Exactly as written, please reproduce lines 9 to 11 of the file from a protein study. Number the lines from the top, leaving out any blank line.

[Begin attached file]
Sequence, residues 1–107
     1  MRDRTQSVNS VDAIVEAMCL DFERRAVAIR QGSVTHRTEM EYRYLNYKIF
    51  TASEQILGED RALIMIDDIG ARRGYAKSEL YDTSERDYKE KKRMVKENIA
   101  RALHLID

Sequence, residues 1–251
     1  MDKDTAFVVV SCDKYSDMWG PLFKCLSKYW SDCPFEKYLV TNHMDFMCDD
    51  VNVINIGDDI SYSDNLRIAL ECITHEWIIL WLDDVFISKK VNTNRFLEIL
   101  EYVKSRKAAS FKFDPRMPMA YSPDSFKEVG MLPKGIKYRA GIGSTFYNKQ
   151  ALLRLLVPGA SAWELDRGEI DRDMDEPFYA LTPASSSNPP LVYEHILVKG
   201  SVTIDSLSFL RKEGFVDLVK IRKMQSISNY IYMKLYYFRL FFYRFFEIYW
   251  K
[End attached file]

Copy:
   151  ALLRLLVPGA SAWELDRGEI DRDMDEPFYA LTPASSSNPP LVYEHILVKG
   201  SVTIDSLSFL RKEGFVDLVK IRKMQSISNY IYMKLYYFRL FFYRFFEIYW
   251  K